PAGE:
Q&A with Boris Wertz, founding partner of Version One Ventures

Version One Ventures is growing its franchise.

The Vancouver firm, founded in 2012 by renowned seed investor Boris Wertz, made the decision to expand when raising its third fund.

One result was the September promotion of Angela Tran Kingyens to general partner. A further step will soon be taken with the hire of an associate.

In an interview, Wertz said the increased resources will help deploy Version One Ventures III, which raised $45 million in October.

The fund, Version One’s largest to date, was backed by several institutions, including HarbourVest, Invesco, Northleaf Capital Partners, Kensington Capital Partners and Sofina, as well as family offices and entrepreneurs.

For Wertz, Fund III’s launch is the latest milestone in a decade-plus career as an angel investor and VC.

During this time, Version One invested in 45 North American early-stage tech companies, among them Abstract, Jobber, Manifold, TopHat and Wattpad.

Wertz also developed a global network that includes his role as board partner with Andreessen Horowitz.

VCJ sat down with Wertz to discuss a changing Version One, Fund III and the firm’s evolving strategy.

Q: How did you sign more LPs and make Fund III your largest to date?

A: One factor is our financial success. Fund I is fully invested and showing 3x committed capital, while Fund II is 70 percent invested and showing above 2x.

Our first funds had little institutional backing and it was our goal to increase the number. This was achieved, as institutions account for 75 percent of Fund III commitments.

Invesco (a U.S. investment manager) and Sofina (a Belgian holding company) also grew the international share of fund capital to one-third.

We’re very happy about this broadened LP support. It suggests confidence in our focus on network effects and opportunities in existing and emerging markets on both sides of the Canada-U.S. border.

Q. Will we see any change in strategy with the new fund?

A: No. Our plan is to double down on our core investment thesis and all that has worked in prior funds.

We remain passionate about early stage. And we plan to continue to invest in companies that leverage software-based network effects, wherever they are at play.

Our strategy isn’t static or limited to any particular sector, business model or platform. Our focus on network effects took us into the marketplace, artificial intelligence and machine learning, and SaaS.

Now we’re interested in smart SaaS, which we see as the next generation of enterprise apps, blockchain tech, where there’s enormous potential, and specific verticals, such bio-healthcare.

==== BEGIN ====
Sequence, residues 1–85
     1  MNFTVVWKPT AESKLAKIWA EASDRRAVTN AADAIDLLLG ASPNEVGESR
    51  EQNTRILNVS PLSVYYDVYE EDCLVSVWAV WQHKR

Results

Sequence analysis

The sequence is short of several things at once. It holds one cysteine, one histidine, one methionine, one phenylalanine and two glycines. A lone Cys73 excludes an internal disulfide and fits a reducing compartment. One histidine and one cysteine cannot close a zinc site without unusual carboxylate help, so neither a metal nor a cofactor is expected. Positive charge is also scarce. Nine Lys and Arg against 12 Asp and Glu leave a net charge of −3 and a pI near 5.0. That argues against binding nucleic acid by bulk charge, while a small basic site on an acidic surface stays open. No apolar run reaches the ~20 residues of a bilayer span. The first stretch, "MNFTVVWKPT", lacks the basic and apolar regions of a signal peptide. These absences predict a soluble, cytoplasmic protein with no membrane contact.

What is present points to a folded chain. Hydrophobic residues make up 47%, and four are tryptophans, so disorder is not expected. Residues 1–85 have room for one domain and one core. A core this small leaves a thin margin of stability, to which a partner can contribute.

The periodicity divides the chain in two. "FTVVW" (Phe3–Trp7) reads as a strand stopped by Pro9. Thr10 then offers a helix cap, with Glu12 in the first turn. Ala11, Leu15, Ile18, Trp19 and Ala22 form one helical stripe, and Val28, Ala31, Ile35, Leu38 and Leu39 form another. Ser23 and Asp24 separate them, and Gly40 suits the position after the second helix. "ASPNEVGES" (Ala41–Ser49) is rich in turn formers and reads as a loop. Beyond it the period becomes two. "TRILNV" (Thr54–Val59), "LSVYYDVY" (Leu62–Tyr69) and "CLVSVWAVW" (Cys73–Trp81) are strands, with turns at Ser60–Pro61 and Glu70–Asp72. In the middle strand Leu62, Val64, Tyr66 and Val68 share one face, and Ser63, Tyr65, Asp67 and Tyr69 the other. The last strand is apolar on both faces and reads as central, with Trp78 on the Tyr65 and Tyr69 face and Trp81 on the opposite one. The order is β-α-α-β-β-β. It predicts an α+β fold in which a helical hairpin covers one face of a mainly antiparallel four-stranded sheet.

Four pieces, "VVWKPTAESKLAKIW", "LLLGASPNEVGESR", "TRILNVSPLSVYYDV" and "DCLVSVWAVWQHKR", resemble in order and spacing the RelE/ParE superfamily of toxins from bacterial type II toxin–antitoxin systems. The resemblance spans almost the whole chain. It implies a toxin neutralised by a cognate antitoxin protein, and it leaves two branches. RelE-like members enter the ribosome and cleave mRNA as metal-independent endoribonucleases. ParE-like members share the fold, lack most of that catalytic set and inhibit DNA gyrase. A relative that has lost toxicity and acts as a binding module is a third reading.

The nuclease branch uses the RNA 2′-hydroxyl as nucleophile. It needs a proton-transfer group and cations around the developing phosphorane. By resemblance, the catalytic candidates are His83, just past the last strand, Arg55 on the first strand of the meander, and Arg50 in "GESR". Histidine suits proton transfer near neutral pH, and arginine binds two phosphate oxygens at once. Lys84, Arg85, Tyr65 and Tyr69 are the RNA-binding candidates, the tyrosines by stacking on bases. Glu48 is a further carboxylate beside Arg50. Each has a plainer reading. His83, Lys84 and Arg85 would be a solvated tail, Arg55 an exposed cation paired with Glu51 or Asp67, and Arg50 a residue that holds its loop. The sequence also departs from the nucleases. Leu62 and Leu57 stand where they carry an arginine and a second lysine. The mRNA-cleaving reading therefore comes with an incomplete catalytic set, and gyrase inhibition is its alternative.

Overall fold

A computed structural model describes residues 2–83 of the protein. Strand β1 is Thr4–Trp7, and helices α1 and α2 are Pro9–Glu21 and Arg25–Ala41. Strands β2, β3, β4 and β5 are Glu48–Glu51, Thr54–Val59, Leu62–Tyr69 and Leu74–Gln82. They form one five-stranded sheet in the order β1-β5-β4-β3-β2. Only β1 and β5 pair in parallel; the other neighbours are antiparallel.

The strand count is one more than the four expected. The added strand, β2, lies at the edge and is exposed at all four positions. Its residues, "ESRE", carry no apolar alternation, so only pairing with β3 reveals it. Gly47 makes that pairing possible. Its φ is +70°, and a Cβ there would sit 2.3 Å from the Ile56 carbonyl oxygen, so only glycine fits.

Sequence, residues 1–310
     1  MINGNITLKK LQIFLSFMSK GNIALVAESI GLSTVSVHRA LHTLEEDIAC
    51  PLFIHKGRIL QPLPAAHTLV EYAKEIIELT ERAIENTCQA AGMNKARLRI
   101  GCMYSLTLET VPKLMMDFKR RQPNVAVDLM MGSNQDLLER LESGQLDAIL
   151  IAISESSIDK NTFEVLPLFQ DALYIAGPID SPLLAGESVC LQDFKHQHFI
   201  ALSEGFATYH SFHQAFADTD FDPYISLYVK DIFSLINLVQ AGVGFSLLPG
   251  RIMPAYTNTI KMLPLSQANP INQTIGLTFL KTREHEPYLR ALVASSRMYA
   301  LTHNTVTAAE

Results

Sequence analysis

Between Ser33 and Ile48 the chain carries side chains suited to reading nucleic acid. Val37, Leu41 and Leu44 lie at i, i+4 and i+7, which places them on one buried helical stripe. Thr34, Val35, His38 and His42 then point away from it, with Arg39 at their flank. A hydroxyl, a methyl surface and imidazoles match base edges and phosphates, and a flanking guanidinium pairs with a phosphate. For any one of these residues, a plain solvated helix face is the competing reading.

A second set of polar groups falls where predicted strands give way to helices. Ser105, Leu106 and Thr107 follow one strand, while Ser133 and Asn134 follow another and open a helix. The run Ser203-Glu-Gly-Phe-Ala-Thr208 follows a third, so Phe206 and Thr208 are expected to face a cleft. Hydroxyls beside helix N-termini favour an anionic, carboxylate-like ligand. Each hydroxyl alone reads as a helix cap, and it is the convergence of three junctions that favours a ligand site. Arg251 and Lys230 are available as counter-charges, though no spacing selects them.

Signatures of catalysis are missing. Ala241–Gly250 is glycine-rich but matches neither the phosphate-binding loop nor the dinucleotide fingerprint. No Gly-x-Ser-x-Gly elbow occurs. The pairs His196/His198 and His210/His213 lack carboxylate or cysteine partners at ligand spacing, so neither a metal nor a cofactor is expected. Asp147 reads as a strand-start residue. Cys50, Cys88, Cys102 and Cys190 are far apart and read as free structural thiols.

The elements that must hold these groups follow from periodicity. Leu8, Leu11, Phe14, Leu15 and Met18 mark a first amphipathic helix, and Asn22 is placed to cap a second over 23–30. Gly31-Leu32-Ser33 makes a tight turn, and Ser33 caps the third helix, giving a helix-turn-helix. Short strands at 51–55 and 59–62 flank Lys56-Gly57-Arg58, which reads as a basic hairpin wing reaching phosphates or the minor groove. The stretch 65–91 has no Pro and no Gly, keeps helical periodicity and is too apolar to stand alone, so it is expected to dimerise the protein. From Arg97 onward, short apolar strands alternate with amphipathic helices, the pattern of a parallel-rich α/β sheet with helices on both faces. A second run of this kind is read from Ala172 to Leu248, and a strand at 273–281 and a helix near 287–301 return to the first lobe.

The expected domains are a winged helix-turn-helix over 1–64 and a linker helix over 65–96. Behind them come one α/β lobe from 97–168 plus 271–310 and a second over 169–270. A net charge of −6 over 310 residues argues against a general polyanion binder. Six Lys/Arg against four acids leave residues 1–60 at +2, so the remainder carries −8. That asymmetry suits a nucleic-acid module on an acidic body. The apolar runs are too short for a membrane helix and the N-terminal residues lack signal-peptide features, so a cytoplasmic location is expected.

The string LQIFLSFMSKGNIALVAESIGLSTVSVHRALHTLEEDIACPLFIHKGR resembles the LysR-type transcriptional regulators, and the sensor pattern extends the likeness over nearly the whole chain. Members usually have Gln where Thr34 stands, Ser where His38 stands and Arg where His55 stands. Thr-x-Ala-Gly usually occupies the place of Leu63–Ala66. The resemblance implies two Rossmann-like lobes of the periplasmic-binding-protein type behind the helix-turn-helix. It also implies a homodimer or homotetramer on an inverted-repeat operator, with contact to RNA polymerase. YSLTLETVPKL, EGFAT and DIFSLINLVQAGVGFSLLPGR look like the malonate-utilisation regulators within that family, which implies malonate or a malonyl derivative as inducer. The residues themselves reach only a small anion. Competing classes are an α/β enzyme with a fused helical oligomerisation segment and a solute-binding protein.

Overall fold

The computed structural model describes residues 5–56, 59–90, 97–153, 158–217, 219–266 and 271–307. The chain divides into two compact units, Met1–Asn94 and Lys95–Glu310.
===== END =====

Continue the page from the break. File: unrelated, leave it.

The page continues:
And we’ll continue to target deal flow in every major ecosystem, especially San Francisco, Toronto-Waterloo, Seattle and New York.

Angela Tran Kingyens and Boris Wertz, general partners, Version One Ventures.

Q: How will Fund III’s larger capital pool impact Version One’s investing?

A: In addition to enabling the wide scope of our network effects strategy, a larger fund allows us to increase check sizes.

We will lead or join pre-seed and seed rounds with investments of $500,000 to $750,000. That’s up from the $500,000 averaged in Fund II and the $250,000 averaged in Fund I.

This is important because the market has moved to larger financing sizes. By writing bigger checks, we can keep ownership stakes at five to seven percent.

A larger fund also permits more capital reserved for follow-ons. We expect to allocate 40 percent for initial rounds and 60 percent for follow-ons.

Q: When will we see Fund III’s inaugural deal?

A: We switched over to Fund III in October so a first deal is coming soon.

We’ve made five investments so far this year. I can’t tell you much about them because only one was disclosed.

That was CryptoKitties (a Dapper Labs-created consumer blockchain product). We invested in March and again in November with the $15 million financing led by Venrock and joined by GV and Samsung NEXT.

Q: What drew you to CryptoKitties?

A: We’re interested in companies like CryptoKitties because blockchain is creating opportunities we haven’t seen before.

Today, there’s an over-supply of internet-generated digital assets. Crypto develops unique immutable assets removed from the internet world, which has led to this new category called “crypto-collectibles”.

CryptoKitties is a wildly popular game that lets users breed, raise and trade digital kitties. Each cat has a unique DNA and trace on the blockchain where nobody can change it.

Can you build a billion-dollar business from only a kitty game? Probably not, but the Dapper Labs team has very large ambitions about creating a comprehensive crypto collectible platform.

I also think crypto is the biggest disruptor to hit VC in a decade. Crowdfunding and AngelList didn’t make much of a dent on the market, but token sales have that potential.

Q: Do you feel Version One has broken ground by bringing on a woman GP?

A: Angela has always been an incredible and equal partner. The promotion formalized a process that began with her joining in 2013 as an analyst and led to her starting to source and lead deals over the past 18 months.

Version One has benefited from our having different backgrounds and views. And I’m proud to have a 50:50 male-female GP team.

Angela and her San Francisco location are key to our growing franchise. In a universe of 500 or more VCs, we aim to be top of mind among entrepreneurs looking to raise seed financing.